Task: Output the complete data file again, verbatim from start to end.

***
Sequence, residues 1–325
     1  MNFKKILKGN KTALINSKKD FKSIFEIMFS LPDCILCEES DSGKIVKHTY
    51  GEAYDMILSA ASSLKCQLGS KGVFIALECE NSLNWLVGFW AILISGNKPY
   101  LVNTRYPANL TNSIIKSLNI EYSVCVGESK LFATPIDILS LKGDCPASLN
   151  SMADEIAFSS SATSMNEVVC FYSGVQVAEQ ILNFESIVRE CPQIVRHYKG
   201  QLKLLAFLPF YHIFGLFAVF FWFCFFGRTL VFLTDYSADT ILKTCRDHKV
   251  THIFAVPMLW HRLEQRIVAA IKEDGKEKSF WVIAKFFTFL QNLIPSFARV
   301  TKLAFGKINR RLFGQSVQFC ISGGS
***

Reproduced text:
Sequence, residues 1–325
     1  MNFKKILKGN KTALINSKKD FKSIFEIMFS LPDCILCEES DSGKIVKHTY
    51  GEAYDMILSA ASSLKCQLGS KGVFIALECE NSLNWLVGFW AILISGNKPY
   101  LVNTRYPANL TNSIIKSLNI EYSVCVGESK LFATPIDILS LKGDCPASLN
   151  SMADEIAFSS SATSMNEVVC FYSGVQVAEQ ILNFESIVRE CPQIVRHYKG
   201  QLKLLAFLPF YHIFGLFAVF FWFCFFGRTL VFLTDYSADT ILKTCRDHKV
   251  THIFAVPMLW HRLEQRIVAA IKEDGKEKSF WVIAKFFTFL QNLIPSFARV
   301  TKLAFGKINR RLFGQSVQFC ISGGS